As above, various prototypes of ramen frame structure system was developed by Kenji Hirose in the SH series, however his interest shifted to “Space-unit construction” after that.
To provide an emergency temporary housing in a short time is important for the victim of natural disaster. In Kansai Area, we have to make preparation for Nankai Trough Earthquake which is expected in next a few decade. At the Great Hanshin·Awaji Earthquake in 1995, most of emergency temporary housing were built only by the members of Japan Prefabricated Construction Suppliers and Manufacturers Association(JPA) as prefectural government and JPA made the agreement to supply emergency temporary housing in case of those disaster. At the Great East Japan Earthquake in 2011, affected area was so large and it was hard to build them in a short time. Therefore it took about more then 6month to finish building emergency temporary housing. Still, JPA's prefabricated temporary housing take major role in supplying temporary housing. There must be quicker, more efficient way to supply housing, specially in local areas.
In this study, we have a local builder in proposed site of a Nankai Trough Earthquake, not members of JPA, to build the JPA's emergency temporary housing with construction manual we made fur them to examine the workability, time difference from JPA builders, difficulty the local builders face in the construction process. Those date would help to give oppotunity to local builders to build emergency housings and diversifying the way of providing the temporary houses.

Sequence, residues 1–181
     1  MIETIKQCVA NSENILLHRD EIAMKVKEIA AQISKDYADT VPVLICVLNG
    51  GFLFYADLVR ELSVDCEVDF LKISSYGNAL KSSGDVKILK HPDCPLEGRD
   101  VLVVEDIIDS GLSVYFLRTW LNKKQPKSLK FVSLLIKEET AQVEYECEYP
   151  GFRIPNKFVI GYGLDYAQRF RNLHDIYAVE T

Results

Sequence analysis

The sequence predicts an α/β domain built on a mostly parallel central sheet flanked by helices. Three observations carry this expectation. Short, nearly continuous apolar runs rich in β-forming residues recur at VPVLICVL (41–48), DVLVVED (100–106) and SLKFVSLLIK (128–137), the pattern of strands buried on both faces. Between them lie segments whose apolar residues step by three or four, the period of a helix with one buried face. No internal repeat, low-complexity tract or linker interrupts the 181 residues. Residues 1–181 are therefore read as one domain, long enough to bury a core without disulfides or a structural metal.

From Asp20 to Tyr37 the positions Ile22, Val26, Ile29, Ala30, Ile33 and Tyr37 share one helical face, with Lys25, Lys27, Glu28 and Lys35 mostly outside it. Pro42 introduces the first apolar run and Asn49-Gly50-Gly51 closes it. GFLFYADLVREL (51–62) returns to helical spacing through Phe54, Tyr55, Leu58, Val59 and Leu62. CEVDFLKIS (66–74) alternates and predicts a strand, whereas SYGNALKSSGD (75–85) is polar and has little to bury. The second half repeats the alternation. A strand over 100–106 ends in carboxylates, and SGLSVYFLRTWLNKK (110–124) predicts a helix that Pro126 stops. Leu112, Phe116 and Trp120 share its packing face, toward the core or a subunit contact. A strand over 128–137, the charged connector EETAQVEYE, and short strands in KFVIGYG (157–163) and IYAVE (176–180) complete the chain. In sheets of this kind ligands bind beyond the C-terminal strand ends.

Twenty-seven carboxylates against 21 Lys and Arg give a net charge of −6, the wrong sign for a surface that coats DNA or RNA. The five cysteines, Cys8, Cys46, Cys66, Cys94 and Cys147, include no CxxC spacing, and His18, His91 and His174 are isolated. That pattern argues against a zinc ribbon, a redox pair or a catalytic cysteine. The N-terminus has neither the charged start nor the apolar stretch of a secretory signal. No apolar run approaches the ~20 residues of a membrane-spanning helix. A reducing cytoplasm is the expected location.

At first construction experiment, Daiwa lease co., JPA's major member and have vast experience of supplying temporary housing, built a two housing unit, on the land owned by the Hirogawa town, Wakayama prefecture. We measure the hours by every kind of works at process of construction, and recorded every workers move and what kind of work they did at construction site. Next step was to make the construction manual for local builders who has no experience to build prefabricated housing. The manual describe every working process, working details. We also made a bolts list because so many types are used for the flame and brace.
At second construction experiment, local builders tried to build the prefabricated housing with the manual we edited for them. Local builder took 89.7h in construction stage, while special contractor Daiwa Lease Co. ltd.(D) took 38.5h. In interior work stage, local builder took 104.5h, slightly shorter than the "D"'s working time of 111.9h. In equipment work stage, local builder rook 14.5h, compare to "D"'s working time of 36.5h. Time difference occurred only in construction stage. There were reasons of the delay fur local builder. One was level of proficiency. Second reason was mistakes the local builder made. The third was troubles in parts choice. The fourth was lacking of instruction in the new manual. Mistakes happened in sills, inner beans, roof beams, wall panels, windows. Troubles in parts choice occured at sills, celling, and roof where each stages had to assemble many types of small parts.
In conclusion, local builder could have build the emergency temporary housing, even though the time difference was big, specially at construction stage, difference were 51.2h. The local builder made several mistakes in construction stage, but improvement to the manual could reduce those mistakes, and troubles in part choice. Those mistakes and troubles could happen because that was their first trial to build it.